FrightFest 2013: Round-up 2 – Dispatches From The Dark Heart of Cinema
A round-up of the second day at Film4 FrightFest, where there were ghosties, zombies, beasties, time travel, guys making prime manure out of other guys... well, most things, really
Day 2 of FrightFest saw those cheery little gore scamps return to Leicester Square on Saturday morning with an extra skip in their step after a strong finish to opening night. Another mixed-bag was in store for them, but a couple of absolute corkers help gloss over the ropier elements.
The first film, Renny Harlin’s The Dyatlov Pass Incident, was one such element. Following a group of student documentarians as they travel to Russia to uncover the mystery of some hikers who disappeared in the 50s, Harlin’s picture puts the onus on character for the first hour or so, but fails to do anything remotely interesting with them in this period. Bringing nothing new, or even competent, to the found footage subgenre, things get incredibly silly during a third act which throws as many different ideas as it can think of at the screen: mad Ruskie soldiers, human experimentation, teleportation, time travel… the list goes on. And none elicit more than a snigger.
Next up was Dementamania, from director Kit Ryan. Not without strong moments, this tale of a yuppie slimeball unravelling over the course of a day unfortunately stole all those moments from much better films. American Psycho, The Fly, Angel Heart and Jacob’s Ladder were all mercilessly ripped-off, but there were enough good gags and some very strong imagery to keep things interesting.
FrightFest darling Adam Green then arrived to introduce the climax to his grue and giggles trilogy, Hatchet III. Attending the event for the seventh time, Green has genuine affection for the audience and offered some other treats in the form of scenes from his successful sitcom Holliston, in which Green and Joe Lynch play aspiring genre filmmakers who share a flat. Kane Hodder is a sometime sleepover guest. These delirious and gory snippets went down well, and there should be a good turnout when he screens three episodes in full on Sunday. Hatchet III provided what anyone familiar with the Victor Crowley franchise should expect, but would have been well advised to make more of charismatic star Danielle Harris. For reasons unknown, she’s kept away from the action for the vast majority of runtime, restricted to glowering and shouting obscenities at police from a cell or the backseat of a cruiser.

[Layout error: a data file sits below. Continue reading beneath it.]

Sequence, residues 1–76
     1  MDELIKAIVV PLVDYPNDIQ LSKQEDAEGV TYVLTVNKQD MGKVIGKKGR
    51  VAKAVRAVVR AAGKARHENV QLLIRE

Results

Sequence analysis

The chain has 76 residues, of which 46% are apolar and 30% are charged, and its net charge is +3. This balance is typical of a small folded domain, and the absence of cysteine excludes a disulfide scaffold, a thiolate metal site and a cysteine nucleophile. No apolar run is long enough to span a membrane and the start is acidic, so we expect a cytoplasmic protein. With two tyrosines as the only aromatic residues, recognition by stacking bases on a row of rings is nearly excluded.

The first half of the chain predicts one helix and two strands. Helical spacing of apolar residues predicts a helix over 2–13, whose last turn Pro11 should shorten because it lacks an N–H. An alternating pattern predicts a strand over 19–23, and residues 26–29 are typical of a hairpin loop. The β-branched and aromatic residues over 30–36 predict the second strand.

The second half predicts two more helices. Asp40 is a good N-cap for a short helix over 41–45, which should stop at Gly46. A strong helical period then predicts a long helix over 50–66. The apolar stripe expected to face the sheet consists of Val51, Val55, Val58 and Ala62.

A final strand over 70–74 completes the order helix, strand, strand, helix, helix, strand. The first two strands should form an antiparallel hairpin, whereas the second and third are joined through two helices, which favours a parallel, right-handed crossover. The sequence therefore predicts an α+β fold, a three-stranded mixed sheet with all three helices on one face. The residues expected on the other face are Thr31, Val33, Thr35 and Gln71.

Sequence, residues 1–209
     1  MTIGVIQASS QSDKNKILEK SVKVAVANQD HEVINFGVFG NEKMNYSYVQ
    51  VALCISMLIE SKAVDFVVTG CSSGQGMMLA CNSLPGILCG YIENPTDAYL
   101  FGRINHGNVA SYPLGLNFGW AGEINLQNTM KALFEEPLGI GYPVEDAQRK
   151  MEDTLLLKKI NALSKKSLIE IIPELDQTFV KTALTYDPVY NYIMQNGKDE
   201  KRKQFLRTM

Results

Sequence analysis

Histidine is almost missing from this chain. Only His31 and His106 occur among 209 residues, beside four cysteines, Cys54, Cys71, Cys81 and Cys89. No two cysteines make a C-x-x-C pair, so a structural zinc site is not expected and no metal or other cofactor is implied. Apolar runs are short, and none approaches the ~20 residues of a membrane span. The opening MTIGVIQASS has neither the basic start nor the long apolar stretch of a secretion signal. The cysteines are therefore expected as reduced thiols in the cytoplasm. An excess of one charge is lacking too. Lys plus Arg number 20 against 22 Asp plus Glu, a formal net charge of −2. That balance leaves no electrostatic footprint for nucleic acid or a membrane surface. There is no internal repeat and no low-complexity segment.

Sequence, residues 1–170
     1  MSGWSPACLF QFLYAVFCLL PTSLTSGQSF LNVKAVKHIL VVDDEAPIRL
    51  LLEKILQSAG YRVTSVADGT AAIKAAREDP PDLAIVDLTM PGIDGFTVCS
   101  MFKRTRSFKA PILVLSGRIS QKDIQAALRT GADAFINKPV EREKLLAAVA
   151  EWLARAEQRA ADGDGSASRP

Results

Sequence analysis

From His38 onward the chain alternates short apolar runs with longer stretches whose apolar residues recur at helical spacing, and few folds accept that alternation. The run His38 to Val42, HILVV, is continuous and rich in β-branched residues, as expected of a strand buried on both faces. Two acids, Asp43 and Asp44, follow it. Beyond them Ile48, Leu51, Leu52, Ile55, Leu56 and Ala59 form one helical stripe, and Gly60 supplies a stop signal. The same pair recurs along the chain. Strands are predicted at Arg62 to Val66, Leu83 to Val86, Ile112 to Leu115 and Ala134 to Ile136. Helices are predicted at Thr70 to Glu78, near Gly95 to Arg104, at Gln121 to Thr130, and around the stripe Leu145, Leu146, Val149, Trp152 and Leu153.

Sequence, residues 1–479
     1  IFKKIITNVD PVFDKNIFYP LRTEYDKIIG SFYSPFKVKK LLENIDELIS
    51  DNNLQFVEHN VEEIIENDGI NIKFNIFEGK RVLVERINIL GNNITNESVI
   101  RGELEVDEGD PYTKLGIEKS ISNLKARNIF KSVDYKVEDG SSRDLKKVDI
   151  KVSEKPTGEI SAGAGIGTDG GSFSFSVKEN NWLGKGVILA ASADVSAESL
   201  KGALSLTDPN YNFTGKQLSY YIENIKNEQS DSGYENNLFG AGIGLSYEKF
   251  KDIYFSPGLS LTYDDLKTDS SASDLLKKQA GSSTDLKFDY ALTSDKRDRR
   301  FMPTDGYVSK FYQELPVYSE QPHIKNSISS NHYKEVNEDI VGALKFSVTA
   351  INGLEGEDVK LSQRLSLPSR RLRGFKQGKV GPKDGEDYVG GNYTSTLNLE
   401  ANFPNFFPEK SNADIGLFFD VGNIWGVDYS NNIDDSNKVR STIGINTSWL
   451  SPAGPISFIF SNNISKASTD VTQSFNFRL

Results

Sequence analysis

A more sober, sombre mood was evident in spook story Haunter. Starring Abigail Breslin and directed by Vincenzo Natali, the man behind Cube and Splice, the picture overcomes its fairly hackneyed narrative of a spirit helping to solve a murder by presenting it from the ghost’s point of view. Very atmospheric and keenly observed in the first hour, where dead teen Lisa (Breslin) and her expired family potter about their suburban home purgatory, reliving the day of their demise for eternity, things unravel with a return to the formulaic in the third act. However, when this is at its best, it’s quite brilliant.
Any leaning toward the contemplative was then immediately eschewed in favour of flying viscera, zombies and devil worship for compendium sequel V/H/S/2. Introduced by the ever charming and lively Gareth Evans, who co-directed a segment with Timo Tjahjanto, this was the most anticipated film of the day for almost everyone in the crowd. And a lot of it delivered on that promise. Evans and Tjahjanto’s effort, Safe Haven, set in a Thai cult’s compound when their leader agrees to be interviewed by a documentary crew, is absolutely bonkers. Violent, tense and shocking, it was pound for pound the most effective piece of the weekend thus far. Eduardo Sánchez and Gregg Hale’s zombie POV attack, A Ride in the Park, was also inspired, but the other two shorts fail to register on the same scale, and the wraparound narrative, so insipid in the original V/H/S, proved pedestrian once more.
The real treat was yet to come, though, as Evans also presented rough footage from his upcoming The Raid 2. The scene shown was the introduction of Hammer Girl, seemingly an assassin whose preferred method of dispatching her marks is, unsurprisingly, a pair of claw hammers. Watching this soon-to-be cult icon bash a gang of bodyguards to a pulp on an underground train had the whole audience screaming in bewildered awe. It was simply astonishing.
Those with the sand to stick about into the wee small hours, and there weren’t that many, had the pleasure of Aussie comic-shocker 100 Bloody Acres to send them on their way. Despite a slow start, this typically absurd Antipodean offering about a couple of country bumpkins offing passers by for use in their special brand of fertiliser had a very strong finish, some super setpieces and great performances. Damon Herriman in particular was a joy as the befuddled but principled Reg, his timing and subtlety of expression making everything around him that much funnier. A perfect way to round off the evening.